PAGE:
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Current Drug Safety

Editor-in-Chief

ISSN (Print): 1574-8863
ISSN (Online): 2212-3911

Drug-Induced Hypokalaemia

Author(s): Chaker Ben Salem, Houssem Hmouda and Kamel Bouraoui

Volume 4, Issue 1, 2009

Page: [55 - 61] Pages: 7

DOI: 10.2174/157488609787354369

Price: $65

Abstract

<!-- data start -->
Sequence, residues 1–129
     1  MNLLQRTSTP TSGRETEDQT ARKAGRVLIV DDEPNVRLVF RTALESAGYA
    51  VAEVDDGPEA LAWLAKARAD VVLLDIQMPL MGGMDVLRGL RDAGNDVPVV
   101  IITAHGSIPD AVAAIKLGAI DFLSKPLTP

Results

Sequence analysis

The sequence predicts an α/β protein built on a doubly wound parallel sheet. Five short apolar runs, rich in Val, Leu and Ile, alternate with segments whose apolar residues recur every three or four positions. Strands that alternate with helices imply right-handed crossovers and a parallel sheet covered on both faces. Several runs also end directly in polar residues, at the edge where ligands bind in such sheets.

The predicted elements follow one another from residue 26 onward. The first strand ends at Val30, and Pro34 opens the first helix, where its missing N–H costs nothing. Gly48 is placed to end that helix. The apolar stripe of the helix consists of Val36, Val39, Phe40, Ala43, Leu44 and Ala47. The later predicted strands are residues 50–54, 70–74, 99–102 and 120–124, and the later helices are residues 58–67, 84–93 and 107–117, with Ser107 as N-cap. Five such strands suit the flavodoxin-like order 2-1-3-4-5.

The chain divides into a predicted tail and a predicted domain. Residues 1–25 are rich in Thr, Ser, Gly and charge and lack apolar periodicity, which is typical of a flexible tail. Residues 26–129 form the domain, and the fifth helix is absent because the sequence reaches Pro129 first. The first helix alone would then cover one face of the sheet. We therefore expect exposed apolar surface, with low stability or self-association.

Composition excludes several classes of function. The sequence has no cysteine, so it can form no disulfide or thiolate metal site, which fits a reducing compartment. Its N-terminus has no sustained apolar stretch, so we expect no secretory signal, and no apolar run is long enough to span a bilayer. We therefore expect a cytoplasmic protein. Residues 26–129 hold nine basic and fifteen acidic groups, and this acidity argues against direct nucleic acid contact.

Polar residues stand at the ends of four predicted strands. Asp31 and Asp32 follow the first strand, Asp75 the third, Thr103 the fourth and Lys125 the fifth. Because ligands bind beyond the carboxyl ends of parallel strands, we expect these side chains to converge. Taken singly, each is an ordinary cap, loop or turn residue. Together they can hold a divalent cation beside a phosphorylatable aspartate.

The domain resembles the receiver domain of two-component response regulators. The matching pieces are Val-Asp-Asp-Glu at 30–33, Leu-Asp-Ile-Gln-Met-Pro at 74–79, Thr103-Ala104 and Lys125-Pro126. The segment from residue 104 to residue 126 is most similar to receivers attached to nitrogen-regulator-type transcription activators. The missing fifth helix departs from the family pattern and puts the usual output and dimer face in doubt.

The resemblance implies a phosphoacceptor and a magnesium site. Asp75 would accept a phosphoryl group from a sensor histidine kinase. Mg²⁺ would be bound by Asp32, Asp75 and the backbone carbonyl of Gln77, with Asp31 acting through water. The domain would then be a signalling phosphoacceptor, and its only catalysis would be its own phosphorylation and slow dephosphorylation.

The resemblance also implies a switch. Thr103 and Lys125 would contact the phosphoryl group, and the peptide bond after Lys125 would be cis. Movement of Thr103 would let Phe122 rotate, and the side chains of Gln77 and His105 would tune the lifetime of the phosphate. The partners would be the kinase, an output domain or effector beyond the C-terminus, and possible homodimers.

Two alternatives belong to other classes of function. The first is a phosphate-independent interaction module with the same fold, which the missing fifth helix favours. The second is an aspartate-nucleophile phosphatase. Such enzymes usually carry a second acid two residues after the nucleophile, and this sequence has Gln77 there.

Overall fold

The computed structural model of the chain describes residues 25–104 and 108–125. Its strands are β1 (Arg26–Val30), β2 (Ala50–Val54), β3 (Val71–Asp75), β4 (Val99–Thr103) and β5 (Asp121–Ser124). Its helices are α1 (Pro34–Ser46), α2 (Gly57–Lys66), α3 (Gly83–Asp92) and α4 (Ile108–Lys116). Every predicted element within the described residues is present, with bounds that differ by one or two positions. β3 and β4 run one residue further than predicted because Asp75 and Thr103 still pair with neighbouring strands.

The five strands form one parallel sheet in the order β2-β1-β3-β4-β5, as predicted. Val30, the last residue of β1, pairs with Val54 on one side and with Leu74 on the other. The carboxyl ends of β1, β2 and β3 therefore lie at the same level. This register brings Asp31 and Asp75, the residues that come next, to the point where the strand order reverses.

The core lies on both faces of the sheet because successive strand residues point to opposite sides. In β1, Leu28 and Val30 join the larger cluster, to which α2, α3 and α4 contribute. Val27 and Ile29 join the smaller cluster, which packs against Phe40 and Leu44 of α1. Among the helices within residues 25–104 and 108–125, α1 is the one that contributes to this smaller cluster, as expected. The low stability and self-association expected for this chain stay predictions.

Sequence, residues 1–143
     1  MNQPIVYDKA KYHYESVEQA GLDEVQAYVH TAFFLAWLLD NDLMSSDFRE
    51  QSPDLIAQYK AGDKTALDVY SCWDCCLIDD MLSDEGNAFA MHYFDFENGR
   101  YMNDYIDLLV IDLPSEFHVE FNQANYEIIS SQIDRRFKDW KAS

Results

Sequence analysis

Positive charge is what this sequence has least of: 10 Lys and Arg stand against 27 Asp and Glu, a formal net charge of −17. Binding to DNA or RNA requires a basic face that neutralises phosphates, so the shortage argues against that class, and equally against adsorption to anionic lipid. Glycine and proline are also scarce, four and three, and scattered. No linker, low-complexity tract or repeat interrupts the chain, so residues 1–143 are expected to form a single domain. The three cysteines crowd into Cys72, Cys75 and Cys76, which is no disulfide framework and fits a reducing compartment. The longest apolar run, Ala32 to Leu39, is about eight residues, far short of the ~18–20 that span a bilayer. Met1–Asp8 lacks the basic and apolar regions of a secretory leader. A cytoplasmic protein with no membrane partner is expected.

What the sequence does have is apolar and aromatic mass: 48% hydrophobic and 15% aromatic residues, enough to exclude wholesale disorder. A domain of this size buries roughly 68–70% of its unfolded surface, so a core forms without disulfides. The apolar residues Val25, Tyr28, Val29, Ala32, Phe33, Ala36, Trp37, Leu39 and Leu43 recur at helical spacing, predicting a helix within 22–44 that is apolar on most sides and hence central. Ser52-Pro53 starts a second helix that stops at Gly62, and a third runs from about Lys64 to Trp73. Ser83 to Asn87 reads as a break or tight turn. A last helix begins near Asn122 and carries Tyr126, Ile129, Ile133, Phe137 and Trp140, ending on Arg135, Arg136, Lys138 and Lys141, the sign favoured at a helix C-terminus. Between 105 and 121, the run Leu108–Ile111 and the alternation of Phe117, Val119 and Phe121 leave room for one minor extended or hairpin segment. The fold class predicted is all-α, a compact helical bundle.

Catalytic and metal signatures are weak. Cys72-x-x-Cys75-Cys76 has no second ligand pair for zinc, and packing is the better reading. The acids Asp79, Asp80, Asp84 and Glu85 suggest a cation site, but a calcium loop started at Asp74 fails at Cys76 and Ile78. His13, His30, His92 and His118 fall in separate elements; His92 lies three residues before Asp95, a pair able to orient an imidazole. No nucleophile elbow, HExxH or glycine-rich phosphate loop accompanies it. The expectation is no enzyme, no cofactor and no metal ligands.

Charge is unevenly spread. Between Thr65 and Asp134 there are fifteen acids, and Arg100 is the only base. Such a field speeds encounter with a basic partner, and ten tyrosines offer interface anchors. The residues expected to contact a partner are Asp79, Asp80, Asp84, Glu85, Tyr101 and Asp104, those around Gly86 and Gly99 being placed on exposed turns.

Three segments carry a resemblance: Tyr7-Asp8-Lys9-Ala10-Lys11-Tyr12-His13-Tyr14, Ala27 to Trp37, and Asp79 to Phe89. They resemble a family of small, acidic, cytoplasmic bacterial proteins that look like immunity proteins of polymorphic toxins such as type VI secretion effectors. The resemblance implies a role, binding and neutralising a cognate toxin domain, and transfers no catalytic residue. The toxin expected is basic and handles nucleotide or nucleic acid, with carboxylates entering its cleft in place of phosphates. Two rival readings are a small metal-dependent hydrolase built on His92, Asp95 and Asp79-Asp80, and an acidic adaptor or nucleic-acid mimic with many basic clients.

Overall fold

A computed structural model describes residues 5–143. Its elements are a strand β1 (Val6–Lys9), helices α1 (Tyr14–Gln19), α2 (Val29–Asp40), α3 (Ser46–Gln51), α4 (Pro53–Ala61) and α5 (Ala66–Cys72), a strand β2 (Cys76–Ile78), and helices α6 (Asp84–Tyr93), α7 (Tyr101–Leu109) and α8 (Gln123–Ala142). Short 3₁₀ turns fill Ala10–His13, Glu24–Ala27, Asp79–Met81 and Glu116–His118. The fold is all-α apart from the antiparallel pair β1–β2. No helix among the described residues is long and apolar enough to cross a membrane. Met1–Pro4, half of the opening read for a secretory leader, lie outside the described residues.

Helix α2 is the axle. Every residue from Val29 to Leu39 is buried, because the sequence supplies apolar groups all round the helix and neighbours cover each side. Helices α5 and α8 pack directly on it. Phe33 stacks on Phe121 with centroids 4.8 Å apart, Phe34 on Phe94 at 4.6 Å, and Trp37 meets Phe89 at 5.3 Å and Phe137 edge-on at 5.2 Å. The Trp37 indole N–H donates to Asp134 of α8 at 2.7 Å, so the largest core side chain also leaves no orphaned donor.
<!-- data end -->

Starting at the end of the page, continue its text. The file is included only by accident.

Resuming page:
Hypokalaemia (defined as a plasma potassium concentration < 3.5 mEq/L) is a common electrolyte abnormality in clinical practice. Drugs are a common cause of either asymptomatic or symptomatic hypokalaemia. Drug-induced hypokalaemia is an important problem particularly in the elderly and in patients with cardiovascular, renal or hepatic disease. Hypokalaemia can complicate the use of the drug in the therapeutic concentration range, and can also be precipitated with overdose or conditions leading to drug intoxication. Because the etiologies of hypokalaemia are numerous, the diagnosis of drug-induced hypokalaemia may be overlooked. Physicians should always pay close attention to this common side effect. Evaluation and management of a hypokalaemic patient should include a careful review of medications history to determine if a drug capable of causing or aggravating this electrolyte abnormality is present.


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